Printer Friendly

A quality circle improves pediatric phlebotomy.

Suggestions from a group of problem solvers significantly reduced the number of skin punctures young patients receive.

Askin puncture for blood collection can be one of the most frightening and painful events experienced by a child. The trauma is multiplied at a pediatric hospital, where all the patients are children subjected to repeated phlebotomy.

There are serious medical considerations, too, in drawing blood at neonatal nurseries and intensive care units. Newborn infants have about 80 ml of blood, roughly as much volume as half a cup of coffee. Some sick premature infants can lose their entire red cell mass from multiple blood sampling during their first six weeks of life.

Thanks to enlightenment from the Pediatric Division of the American Association for Clinical Chemistry and the National Committee for Clinical Laboratory Standards, standards for skin puncture and for the manufacture of collection devices are gaining wide attention and acceptance among those concemed with pediatric laboratory medicine."2

At our 185-bed tertiary-care hospital, a seven-member, laboratory-based phlebotomy team performs most of the draws between 6 a.m. and 11 p.m. Respiratory therapists collect the specimens for blood gases, while nurses and physicians handle the phlebotomy for the predominantly Stat and emergency work that comes up between 11 p.m. and 6 a.m.

We realized four years ago that we had to curb redundant and excessive phlebotomy. One child in the emergency room had sustained 30 skin punctures during blood collection for various departments. Another patient developed staphylococcal cellulitis at the site of multiple sticks.

The hospital was promoting the quality circle concept at the time, so a circle was formed to tackle phlebotomy problems. As many as 40 laboratorians, nurses, and physicians participated at one time or another. The laboratory's phlebotomy division head served as chairperson.

Quality circles must have an objective, and ours was to develop a plan that would minimize needle punctures. We even had a motto (suggested by a slogan in an MLO article 3): "For their sake, take a break."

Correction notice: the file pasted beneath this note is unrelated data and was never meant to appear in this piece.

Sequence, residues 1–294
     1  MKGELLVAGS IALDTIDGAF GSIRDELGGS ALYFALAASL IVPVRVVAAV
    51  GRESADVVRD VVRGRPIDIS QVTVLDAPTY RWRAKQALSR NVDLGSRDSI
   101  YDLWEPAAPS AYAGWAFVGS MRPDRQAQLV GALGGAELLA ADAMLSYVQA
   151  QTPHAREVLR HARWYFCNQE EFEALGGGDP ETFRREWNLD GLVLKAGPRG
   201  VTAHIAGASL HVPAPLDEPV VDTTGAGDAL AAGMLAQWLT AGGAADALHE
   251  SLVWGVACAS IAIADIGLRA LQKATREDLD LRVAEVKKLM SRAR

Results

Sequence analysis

Circle members met periodically to discuss the unique needs of a pediatric laboratory in terms of the types of tests performed, special specimen collection and handling techniques, the urgency of result reporting, and potential complications. They also reviewed the literature to learn about phlebotomy practices at other hospitals.

Through their efforts, we were able to set up an in-service education program and develop a new blood collection protocol, including guidelines for skin, venous, and arterial puncture procedures.

Brainstorming plays a large role in quality circle success. The following observations and procedures grew out ofthe collective deliberations of quality circle members:

*The patient's size and clinical status, the need for multiple lab tests, and the prescribed treatment course all contribute to excessive needle punctures.

* Nursing personnel should serve as the sole coordinators for multiple test orders, for specimens to be drawn prior to intravenous therapy, and specimens to be drawn for such diagnostic procedures as cardiac catheterization. With a little planning, one puncture may suffice for all required diagnostic and therapeutic interventions in a critically ill neonate.

*Communication among physicians, nurses, and laboratorians is essential for the optimum management of sick children. To strengthen these ties and make sure they result in proper phlebotomy, quality circle representatives should visit patients.

When our quality circle started its work, the phlebotomy division chief, the phlebotomy supervisor, a nurse, and a respiratory therapist or two conducted monthly rounds. This continued for a year while the quality circle team published and tested its protocol, collected feedback, and considered the comments.

New procedures have worked so well that regular rounds are no longer necessary. If the number of skin punctures were to climb sharply, however, we could go back to visiting patients.

* It is important to identify early those patients who are likely to require lengthy hospitalization and extensive testing and treatment. A plan of action has to be formulated for them. For example such patients can benefit from an indwelling catheter or heparin lock, which allows frequent administration of medication and puncturefree specimen collection.

* The quality circle flags difficultto-draw patients who have already had multiple skin punctures. Testing of these patients is kept to the minimum needed for medical or surgical reasons.

This process usually starts with a bedside assessment by a phlebotomist, who notifies the charge nurse. They then locate the attending physician and explain the problem. The physician may decideto postpone a particular test for a day or two to give the child a chance to replenish blood and feel somewhat better.